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Management of land and water

Water, nature, landscapes and soils are affected by:

  • Productive uses such as agriculture and forestry
  • Consumption
  • Transport
  • Recreation
  • Climate

Negative and positive externalities within all these areas can be regulated by introducing policies and changing management approaches. Important aspects in this context are the cost-effectiveness of the regulation, the fairness of the distribution of costs and benefits, and potential spatial differences. Both in Denmark and at the EU level, significant focus is directed at regulations and policies related to aquatic and terrestrial ecosystems. As an example, EU’s Water Framework Directive stipulates that  all both marine and fresh water bodies should meet the criteria of good water quality. Differentiated and targeted regulation is in focus in the Danish implementation of the Water Framework Directive, as both effects, costs and benefits vary across different spatial locations.

Examples of themes and problems in focus are:

  • What are the socioeconomic consequences of new regulation or changed management practices? What are the costs and benefits?
  • Which policy instruments can be used and implemented to ensure the cost-effectiveness of regulation in different contexts?
  • How can practices of households, individuals, farmers or other actors be changes?

Ressource Flow

Circular economy is the principle that products and their ingredients are part of continuous circuits. For many years, our economy has been linear: we extract raw materials, produce products, consume - and throw out. Thus, an incredible number of resources are lost.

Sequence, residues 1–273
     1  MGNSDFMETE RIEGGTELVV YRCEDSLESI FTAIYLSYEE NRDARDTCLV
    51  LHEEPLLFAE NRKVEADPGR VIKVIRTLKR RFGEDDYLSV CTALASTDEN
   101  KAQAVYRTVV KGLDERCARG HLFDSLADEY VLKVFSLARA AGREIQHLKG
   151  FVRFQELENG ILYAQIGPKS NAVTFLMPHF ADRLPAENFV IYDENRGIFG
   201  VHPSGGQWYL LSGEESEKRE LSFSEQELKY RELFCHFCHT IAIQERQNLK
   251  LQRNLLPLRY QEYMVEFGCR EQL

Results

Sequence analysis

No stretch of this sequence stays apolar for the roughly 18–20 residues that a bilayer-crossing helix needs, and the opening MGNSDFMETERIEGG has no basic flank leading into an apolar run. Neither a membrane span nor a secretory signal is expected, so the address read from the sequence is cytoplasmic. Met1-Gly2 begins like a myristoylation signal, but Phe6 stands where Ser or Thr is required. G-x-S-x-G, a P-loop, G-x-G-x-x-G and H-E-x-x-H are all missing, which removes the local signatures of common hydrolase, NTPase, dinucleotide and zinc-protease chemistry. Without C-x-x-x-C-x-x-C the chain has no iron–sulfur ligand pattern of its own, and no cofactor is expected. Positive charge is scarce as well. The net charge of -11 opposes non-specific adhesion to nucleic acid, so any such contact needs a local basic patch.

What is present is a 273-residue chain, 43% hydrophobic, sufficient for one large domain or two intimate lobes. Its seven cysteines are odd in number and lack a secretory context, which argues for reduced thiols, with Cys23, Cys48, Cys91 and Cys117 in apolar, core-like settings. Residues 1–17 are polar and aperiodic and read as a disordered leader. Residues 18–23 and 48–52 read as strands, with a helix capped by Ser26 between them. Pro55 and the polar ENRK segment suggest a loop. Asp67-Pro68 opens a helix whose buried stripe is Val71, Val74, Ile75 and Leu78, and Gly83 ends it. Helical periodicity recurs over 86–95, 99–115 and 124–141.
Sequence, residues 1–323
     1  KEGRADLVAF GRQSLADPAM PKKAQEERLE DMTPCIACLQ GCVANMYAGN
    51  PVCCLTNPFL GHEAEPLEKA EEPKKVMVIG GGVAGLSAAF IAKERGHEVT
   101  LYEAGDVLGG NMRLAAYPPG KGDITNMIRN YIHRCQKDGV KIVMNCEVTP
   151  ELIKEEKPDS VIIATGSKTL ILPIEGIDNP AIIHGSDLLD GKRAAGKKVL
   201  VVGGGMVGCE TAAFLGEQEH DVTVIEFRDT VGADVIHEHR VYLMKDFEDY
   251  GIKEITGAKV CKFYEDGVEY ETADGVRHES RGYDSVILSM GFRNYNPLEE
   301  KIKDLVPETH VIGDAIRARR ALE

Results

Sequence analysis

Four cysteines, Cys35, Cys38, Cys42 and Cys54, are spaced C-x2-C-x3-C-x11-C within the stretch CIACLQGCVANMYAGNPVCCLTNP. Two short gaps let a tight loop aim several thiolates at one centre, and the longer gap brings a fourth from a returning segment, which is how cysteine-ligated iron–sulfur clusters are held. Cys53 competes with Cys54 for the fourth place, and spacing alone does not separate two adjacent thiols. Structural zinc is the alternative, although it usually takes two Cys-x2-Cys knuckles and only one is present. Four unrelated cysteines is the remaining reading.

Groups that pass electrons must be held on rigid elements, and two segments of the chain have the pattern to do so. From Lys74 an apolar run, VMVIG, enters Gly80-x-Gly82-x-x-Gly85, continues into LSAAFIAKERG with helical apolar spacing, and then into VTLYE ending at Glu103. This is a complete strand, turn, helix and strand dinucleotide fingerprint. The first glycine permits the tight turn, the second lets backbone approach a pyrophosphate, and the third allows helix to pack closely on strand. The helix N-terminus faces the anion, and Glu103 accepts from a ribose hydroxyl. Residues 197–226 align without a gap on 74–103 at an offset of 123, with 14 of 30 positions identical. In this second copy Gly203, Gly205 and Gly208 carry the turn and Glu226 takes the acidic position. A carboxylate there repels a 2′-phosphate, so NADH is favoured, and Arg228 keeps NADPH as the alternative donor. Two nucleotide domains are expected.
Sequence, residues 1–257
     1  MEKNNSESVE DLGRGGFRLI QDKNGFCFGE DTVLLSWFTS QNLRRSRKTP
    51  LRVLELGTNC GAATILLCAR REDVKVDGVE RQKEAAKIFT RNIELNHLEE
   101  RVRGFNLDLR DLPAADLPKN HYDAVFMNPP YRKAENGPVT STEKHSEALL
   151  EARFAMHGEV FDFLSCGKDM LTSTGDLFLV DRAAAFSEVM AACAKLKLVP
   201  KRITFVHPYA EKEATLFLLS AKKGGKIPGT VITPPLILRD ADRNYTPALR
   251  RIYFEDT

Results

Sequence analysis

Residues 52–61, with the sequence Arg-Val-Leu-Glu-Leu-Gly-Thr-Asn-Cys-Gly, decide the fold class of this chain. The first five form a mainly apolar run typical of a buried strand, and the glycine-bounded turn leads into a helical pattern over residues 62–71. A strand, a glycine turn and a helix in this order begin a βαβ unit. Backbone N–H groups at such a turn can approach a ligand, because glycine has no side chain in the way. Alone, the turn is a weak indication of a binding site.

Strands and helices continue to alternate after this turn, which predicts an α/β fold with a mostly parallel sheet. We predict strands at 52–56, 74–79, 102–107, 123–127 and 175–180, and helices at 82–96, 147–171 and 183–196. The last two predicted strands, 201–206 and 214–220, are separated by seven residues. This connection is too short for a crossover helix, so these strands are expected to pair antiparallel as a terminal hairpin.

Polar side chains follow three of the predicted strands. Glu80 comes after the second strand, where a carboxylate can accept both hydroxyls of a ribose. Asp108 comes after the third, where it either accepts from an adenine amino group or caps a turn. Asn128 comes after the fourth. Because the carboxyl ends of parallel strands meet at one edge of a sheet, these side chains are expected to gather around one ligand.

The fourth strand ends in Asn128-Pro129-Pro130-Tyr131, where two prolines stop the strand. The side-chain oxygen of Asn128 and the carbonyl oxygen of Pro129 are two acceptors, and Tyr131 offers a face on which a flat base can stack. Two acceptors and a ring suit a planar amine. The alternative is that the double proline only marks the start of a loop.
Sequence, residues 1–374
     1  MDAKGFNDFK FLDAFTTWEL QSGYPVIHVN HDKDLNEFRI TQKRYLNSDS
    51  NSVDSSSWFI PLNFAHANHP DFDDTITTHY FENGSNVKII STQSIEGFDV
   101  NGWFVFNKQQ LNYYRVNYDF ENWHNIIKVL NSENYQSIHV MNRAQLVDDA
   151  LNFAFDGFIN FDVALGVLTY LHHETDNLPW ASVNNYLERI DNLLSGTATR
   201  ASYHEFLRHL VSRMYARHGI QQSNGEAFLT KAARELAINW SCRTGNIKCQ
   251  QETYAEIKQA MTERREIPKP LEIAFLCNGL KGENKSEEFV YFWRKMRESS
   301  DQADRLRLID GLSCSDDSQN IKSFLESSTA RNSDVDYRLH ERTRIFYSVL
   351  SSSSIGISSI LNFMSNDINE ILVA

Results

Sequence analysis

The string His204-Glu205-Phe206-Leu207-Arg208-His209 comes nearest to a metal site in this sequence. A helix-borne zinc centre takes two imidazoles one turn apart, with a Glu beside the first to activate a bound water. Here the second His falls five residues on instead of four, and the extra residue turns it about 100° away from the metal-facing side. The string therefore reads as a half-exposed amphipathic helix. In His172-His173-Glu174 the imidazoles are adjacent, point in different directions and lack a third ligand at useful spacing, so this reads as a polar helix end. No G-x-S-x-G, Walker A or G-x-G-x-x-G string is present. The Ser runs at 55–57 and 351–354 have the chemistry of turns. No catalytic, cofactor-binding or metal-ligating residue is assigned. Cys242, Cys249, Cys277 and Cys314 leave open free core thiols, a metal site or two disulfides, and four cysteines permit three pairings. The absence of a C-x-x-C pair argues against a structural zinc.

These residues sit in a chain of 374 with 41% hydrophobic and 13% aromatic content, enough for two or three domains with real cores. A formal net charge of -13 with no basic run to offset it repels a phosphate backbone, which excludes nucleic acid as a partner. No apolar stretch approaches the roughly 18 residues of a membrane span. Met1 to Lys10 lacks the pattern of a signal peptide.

Circular economy is based on the concept of secondhand and recycling, so that the products are used several times or the materials are used in new products - again and again. Harmful ingredients have been eliminated and all production is based on renewable energy.

At the Department of Environmental Science, we investigate the environmental sustainability of society's activities. Our studies are carried out in collaboration across sectors and on different scales and in collaboration with the business community, authorities and civil society. For example, we are looking for answers to:

  • How we by preventing continuous flows of resources and emissions of greenhouse gasses can avoid breaking environment and nature
  • What analyzes and methods can help us promote economic activity that restores and preserves ecosystems and human health
  • Which analyzes are suitable for quantifying risks and assessing environmental impacts
  • Is a circular economy, rooted in circular resource flows, infrastructure and technological solutions, the way to achieving world goals; including the solution to global challenges such as climate change, declining natural resources and environmental degradation we face today